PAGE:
This vast property (open sunrise to sunset daily, admission free), held largely by a private family trust but open to the public, incorporates coast and forested land from Blue Hole Park to Tom Moore’s Jungle (as Walsingham Nature Reserve is more frequently called). Of the whole area, government-owned Blue Hole Park is the only designated public park, with the best access and parking. Although each area of interest can be accessed by its respective entrance—a half mile or so apart—all are linked, so they can be explored on foot from any entry point.
Tom Moore’s Jungle (Walsingham Ln., off Harrington Sound Rd.) is a tangle of cherry forests, crystalline caves, and mangroves surrounding Tom Moore’s Tavern, a four-star restaurant housed in a 1652 waterfront inn. Both the tavern and jungle take the name of Thomas Moore, an Irish poet–bon vivant whose mediocre romantic verse during a brief stay as court registrar (January–April 1804) managed to keep him very much alive in local legend.
Highlights of the so-called jungle are swimming grottoes, fed via subterranean tunnels by the tides of Castle Harbour; turtles and fish can often be seen in the turquoise depths. The Castle Harbor coastline here is also perfect for snorkeling; the shallow bays and mangroves invite hours of exploration. Bird-watchers will enjoy spotting not only the many herons that stalk crabs on the shore, but finches, cardinals, and doves. Caves honeycomb the woodlands, like a children’s fairy story. Part of this chunk of land, the 1.25-acre Idwal Hughes Nature Reserve, is owned by the Bermuda National Trust and contains indigenous palmettos and cedars, along with unique geological formations.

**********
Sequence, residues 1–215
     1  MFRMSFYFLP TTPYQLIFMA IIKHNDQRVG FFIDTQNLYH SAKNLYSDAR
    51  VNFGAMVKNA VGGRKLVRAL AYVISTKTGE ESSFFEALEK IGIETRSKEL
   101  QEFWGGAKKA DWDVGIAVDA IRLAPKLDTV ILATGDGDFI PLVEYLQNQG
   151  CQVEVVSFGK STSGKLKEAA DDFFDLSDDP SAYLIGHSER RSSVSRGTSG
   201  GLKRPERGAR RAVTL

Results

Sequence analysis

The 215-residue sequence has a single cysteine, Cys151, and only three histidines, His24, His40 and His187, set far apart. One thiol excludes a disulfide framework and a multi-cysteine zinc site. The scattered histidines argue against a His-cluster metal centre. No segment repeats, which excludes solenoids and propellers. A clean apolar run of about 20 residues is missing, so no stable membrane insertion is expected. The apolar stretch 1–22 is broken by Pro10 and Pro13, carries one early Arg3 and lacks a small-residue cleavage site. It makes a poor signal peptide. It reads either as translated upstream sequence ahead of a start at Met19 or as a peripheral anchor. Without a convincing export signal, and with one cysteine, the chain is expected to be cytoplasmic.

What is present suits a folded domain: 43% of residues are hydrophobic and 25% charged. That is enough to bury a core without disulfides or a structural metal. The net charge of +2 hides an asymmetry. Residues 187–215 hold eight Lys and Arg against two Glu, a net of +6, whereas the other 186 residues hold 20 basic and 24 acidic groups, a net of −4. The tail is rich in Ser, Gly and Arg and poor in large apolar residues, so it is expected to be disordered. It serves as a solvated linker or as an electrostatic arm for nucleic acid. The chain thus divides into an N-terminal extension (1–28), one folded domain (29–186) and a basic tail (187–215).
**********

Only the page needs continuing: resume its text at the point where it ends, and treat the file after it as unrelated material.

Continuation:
The region is also riddled with underwater caves, including the most famous, Crystal and Fantasy Caves , which are open to the public. Tom Moore’s Jungle connects to Blue Hole Park through a woodland trail leading under diminutive bush archways, quaint enough to have been fashioned by fairy folk. Blue Hole Park, home to a popular Dolphin Show in the 1970s, is honeycombed with caves, including a cave mouth called Causeway Cave and caverns along the shoreline filled with seawater. Bermuda’s oldest rock, a very hard limestone estimated to be 800,000 years old, can be found at the surface in the Walsingham area.
Bermuda’s most famous tree, a calabash, is located here. Tom Moore sat in its generous shade to compose his poems, and on November 4, 1844, members of the nascent Royal Bermuda Yacht Club held their first meeting and a celebratory lunch under its branches; the iconic club has celebrated key anniversaries at the spot ever since. Tragically, Hurricane Emily in 1987 nearly destroyed the tree, but cuttings were replanted and it has now sprouted to about four feet in height. Follow the trail left of the Tavern about 200 yards to a clearing, where you will see the surviving sapling.